The embodiment shown in FIG. 16A is presented for illustration only. Other modification and variations are possible without departing from the scope of the invention. For example, FIG. 16B illustrate a variation in which more than one optical fiber is included in the slickline cable. Other variations, for example, may include any feature described with reference to FIG. 2-FIG. 15. For example, one or more of the polymer layers in the cable may comprise multiple pieces. The interfaces between different pieces in the assembly may be configures to have complementary profiles or to have interlocking features.

Other variations may include the use of arc-shaped continuous- or long-fiber-reinforced polymer composite tapes to form the resin jacket that holds the optical fiber core. As shown in FIG. 17, several pieces of arc-shaped continuous- or long-fiber-reinforced polymer composite tape 1701 are assembled around the optical fiber-conductor core to form a composite resin jacket 1730. Note that several layers of the arc-shaped fiber-reinforced polymer composite tapes may be used to create a multiplayer resin jacket. Then, a thermoset or thermoplastic layer 1740, which may be an insulating layer, is applied over the composite resin jacket 1730. The layer 1740 may or may not be bonded to the resin on the composite tape. Finally, an outer metallic tube 1750 is drawn over the thermoset or thermoplastic layer 1740 to complete the slickline cable.

FIG. 18 shows yet another variation. As shown in FIG. 18, the optical fiber-conductor core may be wrapped in an inner polymer tube, which may have wings 1801. The wings 1801 are designed to fill the gaps between the arc-shaped polymer composite tapes 1803 that are to be assembled to form the composite resin jacket. Once the resin jacket is formed, an additional polymer layer 1805 maybe extruded over the composite resin jacket. The polymer used for this additional layer 1805 may be the same as the polymer that comprise the wings 1801. Suitable materials may include, for example, PEEK or other thermoplastic resins. Finally, an outer metallic tube may be drawn over the additional layer 1807 to complete the slickline cable.

While most of the above examples are described as having a polymer enclosed optical fiber, embodiments of the invention are not limited to such optical fiber design. FIG. 19 shows one example, in which one or more optical fibers are enclosed in an inner metallic tube; this embodiment is similar to the conventional optical fiber core in the slickline cable shown in FIG. 1A.

As shown in FIG. 19, three optical fibers 1910 are loosely disposed, or even helically bundled, inside the inner tube 1920, which may be metallic or plastic, which is enclosed in a composite resin jacket 1930 made of pre-manufactured components. The composite resin jacket 1930 may be coated with an additional polymer layer 1940 on the outside. Finally, an outer metallic tube 1950 is drawn over the additional polymer layer 1940 to complete the slickline cable.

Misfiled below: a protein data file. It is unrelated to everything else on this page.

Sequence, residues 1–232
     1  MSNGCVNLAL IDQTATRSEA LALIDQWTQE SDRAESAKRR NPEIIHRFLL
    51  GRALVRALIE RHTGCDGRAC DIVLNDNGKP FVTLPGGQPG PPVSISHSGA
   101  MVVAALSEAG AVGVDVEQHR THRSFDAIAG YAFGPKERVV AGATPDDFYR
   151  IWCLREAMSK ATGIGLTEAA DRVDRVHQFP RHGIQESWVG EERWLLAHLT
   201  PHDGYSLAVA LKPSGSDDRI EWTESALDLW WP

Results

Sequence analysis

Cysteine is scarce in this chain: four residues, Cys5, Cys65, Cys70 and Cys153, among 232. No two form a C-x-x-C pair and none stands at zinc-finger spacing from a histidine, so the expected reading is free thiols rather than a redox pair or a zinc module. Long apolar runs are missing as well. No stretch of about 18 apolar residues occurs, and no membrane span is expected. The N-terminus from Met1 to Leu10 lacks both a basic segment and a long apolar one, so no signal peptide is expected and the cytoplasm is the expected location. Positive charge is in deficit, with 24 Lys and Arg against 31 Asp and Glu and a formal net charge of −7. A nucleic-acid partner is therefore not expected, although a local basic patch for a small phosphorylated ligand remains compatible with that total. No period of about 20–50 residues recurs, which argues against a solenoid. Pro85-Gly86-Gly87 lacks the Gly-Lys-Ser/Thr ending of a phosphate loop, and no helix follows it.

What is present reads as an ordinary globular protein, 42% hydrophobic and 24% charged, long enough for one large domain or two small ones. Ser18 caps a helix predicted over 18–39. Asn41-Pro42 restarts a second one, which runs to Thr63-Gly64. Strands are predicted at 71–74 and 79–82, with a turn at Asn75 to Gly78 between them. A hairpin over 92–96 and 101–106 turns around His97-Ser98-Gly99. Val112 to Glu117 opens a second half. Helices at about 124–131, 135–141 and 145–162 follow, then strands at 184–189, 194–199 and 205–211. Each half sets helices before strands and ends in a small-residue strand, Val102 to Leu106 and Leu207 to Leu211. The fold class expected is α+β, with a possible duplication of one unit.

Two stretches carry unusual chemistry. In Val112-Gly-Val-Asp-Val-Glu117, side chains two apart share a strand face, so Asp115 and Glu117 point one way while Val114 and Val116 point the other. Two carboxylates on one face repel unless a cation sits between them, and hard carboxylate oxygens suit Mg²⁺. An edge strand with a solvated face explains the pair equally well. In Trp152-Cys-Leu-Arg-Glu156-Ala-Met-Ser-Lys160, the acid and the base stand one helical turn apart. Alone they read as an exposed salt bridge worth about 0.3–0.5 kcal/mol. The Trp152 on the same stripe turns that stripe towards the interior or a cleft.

Advantageously, the present invention provides for one or more of the following advantages. Some embodiments of the invention have optical fiber cores that are formed with pre-formed resin jacket such that the optical fiber is not subjected to high temperature in the manufacturing process. The resin jacket may be formed from one or more pieces, which are assembled to form a channel to accommodate the optical fibers. Some embodiments of the invention include electrical conductors in the slickline cable for conducting electricity or electrical signals.

While the invention has been described with respect to a limited number of embodiments, those skilled in the art, having benefit of this disclosure, will appreciate that other embodiments can be devised which do not depart from the scope of the invention as disclosed herein. Accordingly, the scope of the invention should be limited only by the attached claims.

Referenced by
Citing PatentFiling datePublication dateApplicantTitle
US7860362 *Jun 6, 2008Dec 28, 2010Westerngeco L.L.C.Enhanced fiber optic seismic land cable
US8336965 *Apr 1, 2010Dec 25, 2012The Boeing CompanyComposite seat pan structure for a lightweight aircraft seat assembly
US8550564May 26, 2010Oct 8, 2013The Boeing CompanyComposite seat pan structure for a lightweight aircraft seat assembly
Classifications
U.S. Classification385/101, 385/109
International ClassificationG02B6/44
Cooperative ClassificationH01B13/18, G02B6/4486, H01B7/0208, H01B11/22
European ClassificationH01B11/22, H01B7/02B, H01B13/18, G02B6/44C9S
Legal Events
DateCodeEventDescription
Mar 6, 2013FPAYFee payment
Year of fee payment: 4
Jan 11, 2007ASAssignment
Owner name: SCHLUMBERGER TECHNOLOGY CORPORATION, TEXAS
Free format text: ASSIGNMENT OF ASSIGNORS INTEREST;ASSIGNORS:VARKEY, JOSEPH;SINGH, ANIL;KIM, BYONG JUN;AND OTHERS;REEL/FRAME:018748/0793;SIGNING DATES FROM 20061127 TO 20061208